Marcie: Thai food. I live in a place that has lots and lots of Thai restaurants. One of my friends from boarding school in Malaysia lives about 20 minutes away from me now (it’s a small world…), we try out a new Thai restaurant each time we go out. There seems to be an endless supply, but we have our favorites. I’m especially fond of Thai street food, most especially Khao Soy, a Northern Thai dish.
Notable19: Maybe you need to create a blog reviewing and recommending Thai restaurants you’ve been to! One last fun one to finish up: what’s the most well known book you’ve never read?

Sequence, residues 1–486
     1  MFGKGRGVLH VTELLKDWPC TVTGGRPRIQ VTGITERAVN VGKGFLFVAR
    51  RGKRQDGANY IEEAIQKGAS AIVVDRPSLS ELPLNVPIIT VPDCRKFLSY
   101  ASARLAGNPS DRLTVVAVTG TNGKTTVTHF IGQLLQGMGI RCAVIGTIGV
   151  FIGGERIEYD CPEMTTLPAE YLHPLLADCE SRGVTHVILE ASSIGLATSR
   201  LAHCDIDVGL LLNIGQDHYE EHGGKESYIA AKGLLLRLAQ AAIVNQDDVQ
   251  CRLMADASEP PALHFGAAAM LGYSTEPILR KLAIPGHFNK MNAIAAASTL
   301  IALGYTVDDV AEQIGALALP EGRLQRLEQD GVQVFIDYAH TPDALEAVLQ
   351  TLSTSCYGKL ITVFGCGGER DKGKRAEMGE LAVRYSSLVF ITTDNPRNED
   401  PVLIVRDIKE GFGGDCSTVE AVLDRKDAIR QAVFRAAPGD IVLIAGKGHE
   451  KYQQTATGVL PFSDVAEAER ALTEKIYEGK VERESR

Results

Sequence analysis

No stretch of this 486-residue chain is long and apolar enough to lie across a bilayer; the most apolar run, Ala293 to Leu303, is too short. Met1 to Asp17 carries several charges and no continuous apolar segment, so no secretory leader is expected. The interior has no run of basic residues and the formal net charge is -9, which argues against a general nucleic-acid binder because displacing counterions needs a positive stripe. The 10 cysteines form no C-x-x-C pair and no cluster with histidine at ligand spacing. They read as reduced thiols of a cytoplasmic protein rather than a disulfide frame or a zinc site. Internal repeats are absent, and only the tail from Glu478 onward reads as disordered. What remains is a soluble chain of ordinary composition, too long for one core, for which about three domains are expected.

Marcie: I’m pretty sure I’ve never read any Jane Austen books. But I did read my way around the library as a kid. With no TV, I read a book a day during my elementary and middle school years.
Notable19: We bet you still do read your way around every library you live near. Thanks for sharing with our readers a bit about yourself today! Bet you got most of us hungry for Thai food now.
Follow Marcie on Twitter, Instagram and Facebook. Also check out our Books page to see where you can preorder Wait, Rest, Pause: Dormancy in Nature!
We are a group of writers and illustrators who have debut books (actual debuts , debuts as author-illustrators, or debuts with medium/large publishers) forthcoming in 2019. Thank you for joining us on our exciting journey!